dQALYs Lost (Without Vaccination) dQALYs Lost (Young Vaccinated First) dQALYs Lost (Old Vaccinated First)
<401 408k 358k 407k
40-801 1.3M 1.3M 1.3M
>801 334k 318k 299k
Total 2.1M 2.0M 1.8M

1For age groups <40, 40-80, and >80, one death equals 16.62, 7.04, and 2.00 dQALYs lost, respectively.
Table 5. Count of dQALYs lost across the three age groups for different vaccination rollouts.

Although the total dQALYs lost for the two vaccination strategies are relatively close now, vaccinating the elderly first is still the better option, even by this measure.


Part 3: The Outsized Impact of Superspreaders on Pandemics

It's no secret that the COVID-19 pandemic is in large part driven by superspreader events. Population-level measures like the basic reproduction number, R, mask the true complexity of how infection spreads (note: this is a different R to the 'removed' compartment discussed in our simulations).

Transmission isn't uniform and equal across the infected population: a Pareto Principle-like effect applies, where the majority of transmission is due to a minority of individuals. Crucially, the impact of superspreaders outlasts the initial superspreading event - it propagates and irreversibly compounds throughout the entire pandemic. Countless COVID-19 superspreading incidents have been documented, including a South Korean church, the White House, and a Belgian Father Christmas, to name but a few.

Fig 8. Over half of South Korea's COVID-19 cases up until March 2020 were attributable to a single church in Daegu (source: The Washington Post).

The results of our simple UK-inspired models so far are clearly in support of vaccinating the elderly first. Our most-transmitting <40 age group is too surviving and insufficiently disease-spreading to justify prioritised vaccination. But are there superspreader scenarios where the targetted vaccination of small groups of extremely disease-transmitting individuals would achieve a better epidemic outcome?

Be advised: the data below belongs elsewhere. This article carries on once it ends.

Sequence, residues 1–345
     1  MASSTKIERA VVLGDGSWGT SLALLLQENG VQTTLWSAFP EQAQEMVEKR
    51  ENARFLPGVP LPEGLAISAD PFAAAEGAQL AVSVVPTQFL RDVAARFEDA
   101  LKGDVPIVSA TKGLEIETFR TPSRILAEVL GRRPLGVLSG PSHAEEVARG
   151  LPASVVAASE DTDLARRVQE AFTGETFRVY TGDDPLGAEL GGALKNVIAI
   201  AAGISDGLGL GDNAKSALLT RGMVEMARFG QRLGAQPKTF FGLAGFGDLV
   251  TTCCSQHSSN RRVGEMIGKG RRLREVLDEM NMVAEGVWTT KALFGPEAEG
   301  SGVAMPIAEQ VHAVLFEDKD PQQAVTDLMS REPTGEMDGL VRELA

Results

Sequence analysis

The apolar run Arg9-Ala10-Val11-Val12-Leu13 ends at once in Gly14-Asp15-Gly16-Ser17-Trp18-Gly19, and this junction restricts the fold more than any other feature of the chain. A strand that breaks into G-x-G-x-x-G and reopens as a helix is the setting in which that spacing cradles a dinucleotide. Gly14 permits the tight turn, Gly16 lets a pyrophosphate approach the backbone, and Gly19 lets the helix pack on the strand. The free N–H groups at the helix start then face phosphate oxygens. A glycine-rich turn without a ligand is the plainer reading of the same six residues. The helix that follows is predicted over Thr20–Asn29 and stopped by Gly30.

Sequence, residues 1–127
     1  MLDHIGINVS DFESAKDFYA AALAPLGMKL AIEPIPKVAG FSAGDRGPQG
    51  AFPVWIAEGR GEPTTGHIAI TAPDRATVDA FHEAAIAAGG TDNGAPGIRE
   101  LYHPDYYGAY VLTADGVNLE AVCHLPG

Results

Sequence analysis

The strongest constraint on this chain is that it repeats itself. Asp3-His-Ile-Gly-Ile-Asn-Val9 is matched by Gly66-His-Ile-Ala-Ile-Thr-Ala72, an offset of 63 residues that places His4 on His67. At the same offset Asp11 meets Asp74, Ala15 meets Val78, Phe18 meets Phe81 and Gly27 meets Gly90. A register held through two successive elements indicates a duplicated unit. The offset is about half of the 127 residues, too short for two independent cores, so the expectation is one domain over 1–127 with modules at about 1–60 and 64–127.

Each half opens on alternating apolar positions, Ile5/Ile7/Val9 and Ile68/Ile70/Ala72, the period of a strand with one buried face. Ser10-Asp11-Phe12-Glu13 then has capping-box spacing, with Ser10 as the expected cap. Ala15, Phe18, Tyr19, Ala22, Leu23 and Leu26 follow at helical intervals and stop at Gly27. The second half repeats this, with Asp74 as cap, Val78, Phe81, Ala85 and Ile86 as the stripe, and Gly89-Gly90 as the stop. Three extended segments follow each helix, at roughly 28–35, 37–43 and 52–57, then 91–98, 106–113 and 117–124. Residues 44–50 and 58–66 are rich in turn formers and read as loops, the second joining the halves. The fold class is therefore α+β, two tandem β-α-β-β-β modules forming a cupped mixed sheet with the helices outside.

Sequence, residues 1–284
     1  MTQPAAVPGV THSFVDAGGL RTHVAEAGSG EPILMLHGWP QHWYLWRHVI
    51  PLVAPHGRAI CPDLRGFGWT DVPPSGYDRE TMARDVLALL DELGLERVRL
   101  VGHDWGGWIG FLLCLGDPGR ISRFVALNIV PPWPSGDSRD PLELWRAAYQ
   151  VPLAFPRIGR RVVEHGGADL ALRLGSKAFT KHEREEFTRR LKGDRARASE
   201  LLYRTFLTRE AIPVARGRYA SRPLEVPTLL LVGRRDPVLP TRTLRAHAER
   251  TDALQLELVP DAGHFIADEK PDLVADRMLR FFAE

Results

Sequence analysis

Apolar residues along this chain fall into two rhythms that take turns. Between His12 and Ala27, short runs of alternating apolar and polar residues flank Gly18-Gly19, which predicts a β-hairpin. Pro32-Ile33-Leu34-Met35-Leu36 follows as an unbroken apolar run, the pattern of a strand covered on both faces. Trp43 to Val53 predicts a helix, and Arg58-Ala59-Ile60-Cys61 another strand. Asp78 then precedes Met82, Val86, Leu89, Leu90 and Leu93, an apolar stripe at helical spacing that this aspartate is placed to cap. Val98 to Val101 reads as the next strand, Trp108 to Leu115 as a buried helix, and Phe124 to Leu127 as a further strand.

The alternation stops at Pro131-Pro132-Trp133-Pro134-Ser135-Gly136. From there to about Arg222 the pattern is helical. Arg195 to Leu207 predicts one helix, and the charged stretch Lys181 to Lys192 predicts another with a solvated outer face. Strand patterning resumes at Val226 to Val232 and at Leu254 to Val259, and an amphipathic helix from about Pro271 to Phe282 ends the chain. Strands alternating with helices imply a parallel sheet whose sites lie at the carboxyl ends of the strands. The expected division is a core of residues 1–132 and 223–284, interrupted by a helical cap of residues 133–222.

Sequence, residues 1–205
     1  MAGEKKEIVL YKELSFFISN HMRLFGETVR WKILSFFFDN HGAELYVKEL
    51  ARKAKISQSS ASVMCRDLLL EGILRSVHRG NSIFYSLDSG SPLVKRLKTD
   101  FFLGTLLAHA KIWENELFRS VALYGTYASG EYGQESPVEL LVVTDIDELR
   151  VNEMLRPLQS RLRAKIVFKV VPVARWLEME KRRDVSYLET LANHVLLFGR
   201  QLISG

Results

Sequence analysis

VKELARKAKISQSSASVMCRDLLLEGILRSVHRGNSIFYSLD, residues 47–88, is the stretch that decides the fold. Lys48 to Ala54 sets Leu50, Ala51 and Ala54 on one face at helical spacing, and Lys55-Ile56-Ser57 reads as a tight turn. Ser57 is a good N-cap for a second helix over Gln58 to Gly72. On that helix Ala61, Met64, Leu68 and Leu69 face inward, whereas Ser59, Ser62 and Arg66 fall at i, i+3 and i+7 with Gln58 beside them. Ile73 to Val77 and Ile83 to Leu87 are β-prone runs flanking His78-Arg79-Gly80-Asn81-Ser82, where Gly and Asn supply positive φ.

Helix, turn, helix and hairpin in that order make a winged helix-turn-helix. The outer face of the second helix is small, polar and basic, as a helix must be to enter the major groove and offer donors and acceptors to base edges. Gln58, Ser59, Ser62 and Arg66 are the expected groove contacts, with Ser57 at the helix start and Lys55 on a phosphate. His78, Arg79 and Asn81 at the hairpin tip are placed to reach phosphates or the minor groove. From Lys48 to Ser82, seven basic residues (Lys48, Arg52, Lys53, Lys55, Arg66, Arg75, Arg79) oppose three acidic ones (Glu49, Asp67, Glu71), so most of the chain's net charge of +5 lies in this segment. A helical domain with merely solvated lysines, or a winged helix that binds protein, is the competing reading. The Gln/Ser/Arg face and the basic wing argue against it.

For this final experiment, we retain the same <40, 40-80, >80 age groups as before, once again with populations of 31M, 31M, and 5M, respectively. But now, we also insert a group of 10k superspreaders. Given that superspreaders have a larger impact early on in an epidemic, we'll simulate this by assuming that only 1% of each group has already recovered from infection (previously 20%), and only 1/1600 of each group currently has the infection (previously 1/160). We'll keep the same rates of recovery and morality as before.

Group: Superspreaders <40 40-80 >80
S0 9,894 30,670,625 30,670,625 4,946,875
I0 6 19,375 19,375 3,125
R0 100 310,000 310,000 50,000
γ 0.1 0.1 0.1 0.1
ω 0.0001 0.0001 0.0008 0.0064
β with Superspreaders 20 20 20 20
β with <40 20 0.3 0.13 0.03
β with 40-80 20 0.13 0.17 0.07
β with >80 20 0.03 0.07 0.08
nv=100k vaccines per day.

Table 6. Parameters used for SIRVD model with superspreaders, loosely based on the UK in an early epidemic scenario under lockdown.

In this scenario, we'll also simulate lockdown-like conditions by reducing our previous \( \beta \) transmission rates between age groups by a factor of three. We'll assume the newly-added group of superspreaders have \( \beta=20 \) with all groups, which is 67-250 times higher than all other pairings. Again, slowing the epidemic by emulating a lockdown makes the impact of superspreaders more pronounced. Finally, we run this simulation over a 365-day period rather than 100 days as before, as the lockdown-like epidemic scenario plays out over a longer timeline.